the rotary dial

best new poetry in form

Weeds are not supposed to grow
but by degrees
some achieve a flower, although
no one sees.

From the June Issue

LESLIE MONSOUR

Summer Again


The ink-drop bumblebee invades
    The squashes, bloom by bloom,
Amid the beans that weave in braids
    And dangle from their loom.

The lizard, livening its bones,
    Pretends that it can print
Its belly on the blazing stones
    Beside the cooling mint,

Where cabbage butterflies perform
    A papery ballet
And dodge the garden hose’s warm,
    Rainbow-illumined spray.

The scene, familiar and brief,
    Age after age returns –
As green returns to summer leaf,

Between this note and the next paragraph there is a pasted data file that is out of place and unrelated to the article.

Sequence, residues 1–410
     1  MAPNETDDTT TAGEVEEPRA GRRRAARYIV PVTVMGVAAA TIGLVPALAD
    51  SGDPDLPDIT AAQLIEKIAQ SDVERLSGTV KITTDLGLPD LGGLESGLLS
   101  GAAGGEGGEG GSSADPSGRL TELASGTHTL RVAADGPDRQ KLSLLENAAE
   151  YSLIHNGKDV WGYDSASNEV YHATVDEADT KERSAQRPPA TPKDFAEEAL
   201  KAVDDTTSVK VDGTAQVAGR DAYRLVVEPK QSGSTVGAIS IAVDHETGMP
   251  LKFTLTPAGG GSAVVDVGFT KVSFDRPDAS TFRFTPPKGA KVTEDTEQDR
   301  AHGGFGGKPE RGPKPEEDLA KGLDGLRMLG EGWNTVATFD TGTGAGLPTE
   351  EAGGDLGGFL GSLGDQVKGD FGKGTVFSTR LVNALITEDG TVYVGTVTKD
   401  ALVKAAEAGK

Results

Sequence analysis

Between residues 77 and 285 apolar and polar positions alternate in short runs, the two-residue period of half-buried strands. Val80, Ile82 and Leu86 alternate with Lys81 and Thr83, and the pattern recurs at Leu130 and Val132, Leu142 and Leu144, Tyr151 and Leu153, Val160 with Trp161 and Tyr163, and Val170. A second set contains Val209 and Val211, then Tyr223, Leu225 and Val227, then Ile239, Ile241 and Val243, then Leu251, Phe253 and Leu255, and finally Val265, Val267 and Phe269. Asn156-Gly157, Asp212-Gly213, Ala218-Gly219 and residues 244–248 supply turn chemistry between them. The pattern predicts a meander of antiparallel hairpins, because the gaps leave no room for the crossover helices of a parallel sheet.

Before the forest burns.

 

A native of Los Angeles, California, Leslie Monsour was raised in Mexico City and Panama. She is the author of The Alarming Beauty of the Sky (2005) and The House Sitter (2011), as well as the recipient of three Pushcart nominations and a fellowship from the National Endowment for the Arts. Her poems, essays, and translations have appeared in numerous journals, including The American Arts Quarterly, Poetry, Measure, The Dark Horse, String Poet, Mezzo Cammin, and Able Muse.

 

 

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